I asked on Facebook if anyone would like me to cover a particular topic on the blog. If you weren’t aware that I had a Facebook page, you can find it here. Angela replied and asked me what I knew about medications for treating fibromyalgia as she was experiencing unwanted side effects and did not know what to do. I could totally relate to her issues as I had unwanted side effects when I took prescribed drugs to treat my fibromyalgia too.
I have mentioned in some of my previous posts that I do not take any traditional medications to treat my fibromyalgia. Those of you that have been following my journey will know that I instead opt to take herbal therapies and that I have also made significant lifestyle changes.
In my opinion, medication can play a role in managing fibromyalgia for some patients. However, there is no one-size-fits-all approach and often the benefits of these meds are outweighed by unwanted side effects. I also believe that taking a drug without addressing lifestyle choices will see limited improvements in a condition such as fibromyalgia.
DRUGS APPROVED TO TREAT FIBROMYALGIA
There are three main drugs that are approved to treat fibromyalgia: Lyrica (Pregabalin), Cymbalta (Duloxetine) and Savella (Milnacipran). The unfortunate truth is that, even though these drugs have been approved for use in treating fibromyalgia and have undergone rigorous testing, the likelihood of them significantly helping you is mimimal.
According to the National Pain Report, only one in 10 patients taking Lyrica (Pregabalin) will see a 50% reduction in pain. For Cymbalta (Duloxetine) it’s one in 6 patients and for Savella (Milnacipran) it’s on in 8. These are hardly amazing statistics. In fact, they are the complete opposite.
The unfortunate truth is that only a minority of patients will see any significant improvements from taking these drugs. The benefits are likely to be minimal to moderate for most and many will actually find no benefit at all. This highlights the need for more research into treating fibromyalgia as there needs to be better options available. To me, especially with the improvements I have seen with Vital Plan, these statistics are just not good enough.
There are of course other medications that are used to treat fibromyalgia “off label”, such as Gabapentin (an older, similar drug to Pregabalin). “Off label” basically means that the drugs are licensed to treat other conditions but doctors will often prescribe them to treat fibromyalgia. However, the success rates for these drugs are also questionable.
UNWANTED SIDE EFFECTS
The biggest issue with medications used to treat fibromyalgia are the unwanted side effects. Even if you do see benefits from taking a medication, you are likely to experience one or more side effects. As with all medications the list of side effects for each drug is long. The worrying aspect, as far as I’m concerned, is that some of the listed side effects are actually the same symptoms that we already experience due to fibromyalgia: dizziness, sleep problems, drowsiness, tiredness, headaches, joint or muscle pain…
This can make it difficult to ascertain whether our condition has flared or if we are experiencing side effects from our medication. This was certainly the case for me when I took Gabaptentin. Here’s some of the unwanted side effects I had: headaches, fatigue, sleep problems, memory problems, anxiety… and for what benefit? My pain was dulled and it reduced my neurological symptoms (though it pretty much numbed everything!) but nothing significant.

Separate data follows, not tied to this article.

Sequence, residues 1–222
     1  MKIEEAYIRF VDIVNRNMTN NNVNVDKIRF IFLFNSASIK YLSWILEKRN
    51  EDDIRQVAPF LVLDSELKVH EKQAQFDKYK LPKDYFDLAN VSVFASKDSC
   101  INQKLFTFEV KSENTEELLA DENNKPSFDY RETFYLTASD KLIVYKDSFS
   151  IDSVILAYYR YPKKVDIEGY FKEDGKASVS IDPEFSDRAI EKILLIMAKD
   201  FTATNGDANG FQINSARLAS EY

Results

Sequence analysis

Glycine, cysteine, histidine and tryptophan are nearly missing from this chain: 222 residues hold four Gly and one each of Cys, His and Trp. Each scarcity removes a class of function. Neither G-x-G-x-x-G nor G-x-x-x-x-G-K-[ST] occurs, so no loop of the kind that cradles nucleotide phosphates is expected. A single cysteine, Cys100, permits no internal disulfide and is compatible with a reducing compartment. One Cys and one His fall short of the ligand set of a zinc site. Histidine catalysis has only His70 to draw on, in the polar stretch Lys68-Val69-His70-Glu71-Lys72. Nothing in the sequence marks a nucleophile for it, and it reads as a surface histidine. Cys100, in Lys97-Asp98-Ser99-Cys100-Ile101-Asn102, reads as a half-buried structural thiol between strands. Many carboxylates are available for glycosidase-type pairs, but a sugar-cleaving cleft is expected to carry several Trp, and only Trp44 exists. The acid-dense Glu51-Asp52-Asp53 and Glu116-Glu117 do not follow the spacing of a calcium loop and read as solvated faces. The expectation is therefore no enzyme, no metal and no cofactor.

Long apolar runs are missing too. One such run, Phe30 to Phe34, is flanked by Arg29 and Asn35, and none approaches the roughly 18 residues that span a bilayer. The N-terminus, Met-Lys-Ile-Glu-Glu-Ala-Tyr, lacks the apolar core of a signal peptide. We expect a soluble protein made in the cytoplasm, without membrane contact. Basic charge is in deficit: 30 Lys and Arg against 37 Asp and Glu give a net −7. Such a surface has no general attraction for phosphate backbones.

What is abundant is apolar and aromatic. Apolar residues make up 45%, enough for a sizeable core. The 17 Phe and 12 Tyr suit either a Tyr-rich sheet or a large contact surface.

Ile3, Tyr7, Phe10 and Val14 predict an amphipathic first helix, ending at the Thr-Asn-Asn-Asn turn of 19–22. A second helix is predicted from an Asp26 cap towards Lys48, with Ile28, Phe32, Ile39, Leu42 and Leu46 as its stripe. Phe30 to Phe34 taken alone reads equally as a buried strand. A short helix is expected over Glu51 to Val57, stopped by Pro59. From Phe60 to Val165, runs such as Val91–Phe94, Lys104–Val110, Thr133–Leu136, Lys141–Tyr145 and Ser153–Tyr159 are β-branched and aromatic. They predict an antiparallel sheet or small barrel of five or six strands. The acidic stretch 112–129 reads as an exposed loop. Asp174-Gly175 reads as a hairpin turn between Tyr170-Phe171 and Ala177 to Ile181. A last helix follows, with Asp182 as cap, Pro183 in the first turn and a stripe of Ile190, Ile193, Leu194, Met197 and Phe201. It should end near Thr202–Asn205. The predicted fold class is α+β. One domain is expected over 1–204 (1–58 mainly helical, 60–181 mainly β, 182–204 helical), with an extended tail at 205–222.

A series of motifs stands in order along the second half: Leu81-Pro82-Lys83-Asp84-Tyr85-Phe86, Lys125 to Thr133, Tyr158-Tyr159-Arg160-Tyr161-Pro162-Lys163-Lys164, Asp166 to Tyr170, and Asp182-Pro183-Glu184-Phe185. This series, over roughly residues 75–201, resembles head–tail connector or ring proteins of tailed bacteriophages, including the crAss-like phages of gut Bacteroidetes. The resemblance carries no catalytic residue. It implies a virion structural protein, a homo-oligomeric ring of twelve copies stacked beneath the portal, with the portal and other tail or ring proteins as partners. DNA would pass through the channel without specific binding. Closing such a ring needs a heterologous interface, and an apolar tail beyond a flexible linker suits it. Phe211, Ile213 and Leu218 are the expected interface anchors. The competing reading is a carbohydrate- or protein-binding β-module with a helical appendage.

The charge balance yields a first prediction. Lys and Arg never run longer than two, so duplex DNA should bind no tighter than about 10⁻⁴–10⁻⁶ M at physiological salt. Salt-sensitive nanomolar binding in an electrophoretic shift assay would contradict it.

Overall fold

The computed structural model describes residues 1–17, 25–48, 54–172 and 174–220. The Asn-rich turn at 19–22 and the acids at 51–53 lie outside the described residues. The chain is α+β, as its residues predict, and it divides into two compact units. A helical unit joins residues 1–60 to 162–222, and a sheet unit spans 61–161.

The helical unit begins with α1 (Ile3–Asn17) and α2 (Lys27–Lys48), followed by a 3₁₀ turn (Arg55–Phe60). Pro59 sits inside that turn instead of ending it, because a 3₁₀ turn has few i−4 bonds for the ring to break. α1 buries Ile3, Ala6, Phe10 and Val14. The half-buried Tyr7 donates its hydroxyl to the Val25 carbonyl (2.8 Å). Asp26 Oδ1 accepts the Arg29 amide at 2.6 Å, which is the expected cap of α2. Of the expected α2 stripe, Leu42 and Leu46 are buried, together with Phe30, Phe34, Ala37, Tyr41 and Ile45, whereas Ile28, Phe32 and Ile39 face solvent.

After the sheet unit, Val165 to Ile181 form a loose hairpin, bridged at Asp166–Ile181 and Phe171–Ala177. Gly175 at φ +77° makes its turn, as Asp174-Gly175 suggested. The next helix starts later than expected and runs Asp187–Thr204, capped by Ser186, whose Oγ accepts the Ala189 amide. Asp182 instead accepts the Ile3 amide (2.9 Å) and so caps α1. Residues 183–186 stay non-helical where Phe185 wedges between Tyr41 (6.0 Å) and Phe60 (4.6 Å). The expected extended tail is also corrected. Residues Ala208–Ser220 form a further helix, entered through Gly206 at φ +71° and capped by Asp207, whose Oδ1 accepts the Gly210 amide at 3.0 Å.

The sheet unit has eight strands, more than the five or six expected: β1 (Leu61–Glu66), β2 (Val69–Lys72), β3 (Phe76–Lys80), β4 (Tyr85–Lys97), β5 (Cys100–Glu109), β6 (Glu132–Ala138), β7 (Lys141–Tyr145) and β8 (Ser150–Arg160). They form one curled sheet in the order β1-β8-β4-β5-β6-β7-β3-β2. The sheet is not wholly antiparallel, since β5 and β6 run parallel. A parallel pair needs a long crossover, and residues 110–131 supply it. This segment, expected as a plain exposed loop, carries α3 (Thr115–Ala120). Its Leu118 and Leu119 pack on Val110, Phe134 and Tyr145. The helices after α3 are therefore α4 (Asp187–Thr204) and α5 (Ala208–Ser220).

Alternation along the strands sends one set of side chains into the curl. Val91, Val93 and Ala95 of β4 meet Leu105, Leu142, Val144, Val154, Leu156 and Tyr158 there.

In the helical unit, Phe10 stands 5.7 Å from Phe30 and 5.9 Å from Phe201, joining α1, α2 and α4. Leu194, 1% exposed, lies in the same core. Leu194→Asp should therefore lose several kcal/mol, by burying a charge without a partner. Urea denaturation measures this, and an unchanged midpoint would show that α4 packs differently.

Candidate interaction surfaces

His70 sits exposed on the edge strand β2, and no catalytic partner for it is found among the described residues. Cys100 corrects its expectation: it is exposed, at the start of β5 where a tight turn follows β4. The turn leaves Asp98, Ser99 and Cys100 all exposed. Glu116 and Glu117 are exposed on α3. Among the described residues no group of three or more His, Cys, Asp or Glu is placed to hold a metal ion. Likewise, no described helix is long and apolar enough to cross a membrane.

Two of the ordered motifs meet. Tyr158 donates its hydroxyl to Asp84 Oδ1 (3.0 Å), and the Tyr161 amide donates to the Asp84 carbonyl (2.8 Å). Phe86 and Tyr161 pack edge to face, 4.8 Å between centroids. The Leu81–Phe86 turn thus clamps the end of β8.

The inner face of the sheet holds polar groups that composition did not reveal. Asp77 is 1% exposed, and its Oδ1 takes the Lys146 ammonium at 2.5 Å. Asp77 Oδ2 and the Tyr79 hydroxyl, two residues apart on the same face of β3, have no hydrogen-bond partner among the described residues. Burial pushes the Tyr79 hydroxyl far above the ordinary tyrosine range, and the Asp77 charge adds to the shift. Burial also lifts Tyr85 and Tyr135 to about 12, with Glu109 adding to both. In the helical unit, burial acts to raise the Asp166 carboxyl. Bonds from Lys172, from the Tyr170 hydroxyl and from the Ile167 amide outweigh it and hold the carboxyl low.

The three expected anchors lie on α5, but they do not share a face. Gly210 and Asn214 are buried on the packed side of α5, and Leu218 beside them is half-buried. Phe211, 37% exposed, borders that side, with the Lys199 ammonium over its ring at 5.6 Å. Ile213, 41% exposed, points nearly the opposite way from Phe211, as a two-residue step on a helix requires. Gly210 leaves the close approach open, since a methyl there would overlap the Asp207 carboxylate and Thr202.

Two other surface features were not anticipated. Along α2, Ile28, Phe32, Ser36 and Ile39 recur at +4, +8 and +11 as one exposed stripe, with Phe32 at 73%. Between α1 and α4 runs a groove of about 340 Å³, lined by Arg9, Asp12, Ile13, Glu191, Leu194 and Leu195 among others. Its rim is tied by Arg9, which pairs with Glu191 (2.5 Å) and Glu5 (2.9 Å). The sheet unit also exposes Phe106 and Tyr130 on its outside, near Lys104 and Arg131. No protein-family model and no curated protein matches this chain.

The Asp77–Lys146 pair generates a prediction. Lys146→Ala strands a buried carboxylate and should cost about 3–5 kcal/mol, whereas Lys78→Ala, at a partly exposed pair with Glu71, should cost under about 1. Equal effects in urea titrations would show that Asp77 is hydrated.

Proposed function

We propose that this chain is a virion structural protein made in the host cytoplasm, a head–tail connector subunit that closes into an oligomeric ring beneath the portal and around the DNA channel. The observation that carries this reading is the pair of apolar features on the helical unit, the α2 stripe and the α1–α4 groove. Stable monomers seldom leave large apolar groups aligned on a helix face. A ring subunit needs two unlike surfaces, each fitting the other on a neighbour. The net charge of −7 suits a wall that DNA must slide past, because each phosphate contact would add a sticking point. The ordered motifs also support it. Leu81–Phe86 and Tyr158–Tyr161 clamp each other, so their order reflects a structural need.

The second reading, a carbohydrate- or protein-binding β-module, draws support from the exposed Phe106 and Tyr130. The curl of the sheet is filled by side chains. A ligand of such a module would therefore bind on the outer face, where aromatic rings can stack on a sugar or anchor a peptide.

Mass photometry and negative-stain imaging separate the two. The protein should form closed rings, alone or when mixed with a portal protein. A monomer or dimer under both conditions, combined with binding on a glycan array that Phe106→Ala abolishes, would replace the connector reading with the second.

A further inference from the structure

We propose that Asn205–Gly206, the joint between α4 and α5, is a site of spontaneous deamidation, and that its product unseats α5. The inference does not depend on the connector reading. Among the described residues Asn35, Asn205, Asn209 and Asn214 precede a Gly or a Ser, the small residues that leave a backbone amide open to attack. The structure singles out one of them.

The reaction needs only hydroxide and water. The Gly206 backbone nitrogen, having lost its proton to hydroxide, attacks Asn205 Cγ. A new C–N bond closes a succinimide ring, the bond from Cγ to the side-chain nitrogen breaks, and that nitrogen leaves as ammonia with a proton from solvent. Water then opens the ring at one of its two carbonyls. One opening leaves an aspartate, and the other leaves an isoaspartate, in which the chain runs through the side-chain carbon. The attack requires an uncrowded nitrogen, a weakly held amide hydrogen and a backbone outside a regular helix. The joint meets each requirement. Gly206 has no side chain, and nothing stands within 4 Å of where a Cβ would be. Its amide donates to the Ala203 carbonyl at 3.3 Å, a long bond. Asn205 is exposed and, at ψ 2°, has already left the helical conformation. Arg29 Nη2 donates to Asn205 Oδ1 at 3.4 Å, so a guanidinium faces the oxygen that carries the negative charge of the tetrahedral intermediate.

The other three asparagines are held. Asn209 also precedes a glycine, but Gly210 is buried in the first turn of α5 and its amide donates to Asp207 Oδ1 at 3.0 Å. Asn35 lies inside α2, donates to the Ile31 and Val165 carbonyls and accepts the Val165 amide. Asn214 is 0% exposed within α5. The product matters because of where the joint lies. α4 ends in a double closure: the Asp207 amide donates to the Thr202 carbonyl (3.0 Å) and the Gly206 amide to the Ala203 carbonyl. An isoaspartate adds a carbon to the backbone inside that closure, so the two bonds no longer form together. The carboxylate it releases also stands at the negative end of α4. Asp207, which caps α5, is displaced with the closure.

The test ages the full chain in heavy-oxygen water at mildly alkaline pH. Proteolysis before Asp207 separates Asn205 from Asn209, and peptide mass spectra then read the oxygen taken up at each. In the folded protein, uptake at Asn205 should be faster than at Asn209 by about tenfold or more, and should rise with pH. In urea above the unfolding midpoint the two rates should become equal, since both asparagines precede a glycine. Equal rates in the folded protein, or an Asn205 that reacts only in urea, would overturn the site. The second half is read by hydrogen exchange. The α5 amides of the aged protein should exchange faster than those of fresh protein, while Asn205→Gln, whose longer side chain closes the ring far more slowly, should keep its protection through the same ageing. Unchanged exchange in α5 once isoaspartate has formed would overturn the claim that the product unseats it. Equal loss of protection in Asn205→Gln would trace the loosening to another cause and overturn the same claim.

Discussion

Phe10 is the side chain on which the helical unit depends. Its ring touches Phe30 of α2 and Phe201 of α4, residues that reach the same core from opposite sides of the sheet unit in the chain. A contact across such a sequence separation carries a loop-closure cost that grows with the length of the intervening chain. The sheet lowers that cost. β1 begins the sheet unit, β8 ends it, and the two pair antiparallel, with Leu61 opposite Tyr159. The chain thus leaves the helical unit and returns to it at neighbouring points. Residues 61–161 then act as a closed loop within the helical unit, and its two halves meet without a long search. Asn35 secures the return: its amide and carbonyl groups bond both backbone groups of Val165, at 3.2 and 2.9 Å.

My pain was still there. I basically traded off a slight reduction in pain for the worsening of many other symptoms. I think you can probably see why I decided to stop taking it. It wasn’t until I stopped taking this medication that I realised the extent of the side effects I was experiencing.
My question is: how many people take these drugs and experience side effects that they believe are due to a worsening of their condition? And how many put up with awful side effects for little benefit? I know I can probably speak for the vast majority when I say that any reduction in pain can be worth it… but at what cost?
A STATE OF MANAGED ILLNESS
Many might consider this a controversial statement but my concern is that the drugs used to treat fibromyalgia are creating a state of “managed illness” rather than empowering patients to feel better. The trade-off between side effects and benefits is concerning and I question whether these drugs are really improving the quality of peoples’ lives. They might for the minority but in my opinion that’s just not good enough.
We need improved treatment options and the healthcare system has to learn that there are perhaps different, more effective ways to help someone with fibromyalgia above and beyond writing a prescription. More research is needed, not only to better understand the condition, but to help doctors better understand how to treat it.
If you are not happy with the medication you are taking, my advice would be to speak to your doctor and see if there are any other options available to you. If, like me, you try more than one medication and decide you are no longer willing to take them for little benefit, my advice would be to do your own research. The book “Suffered Long Enough” and the Vital Plan Restore Program have been imperative to me feeling better; my pain is now minimal, which is amazing! I would recommend this program to anyone but I appreciate that we are all individual. When it comes to treatment, speak to your doctor, be guided by your intuition and don’t be afraid to try something new for fear of it not working. If you don’t try to move forward, you will stay stuck where you are. Believe me when I say things can get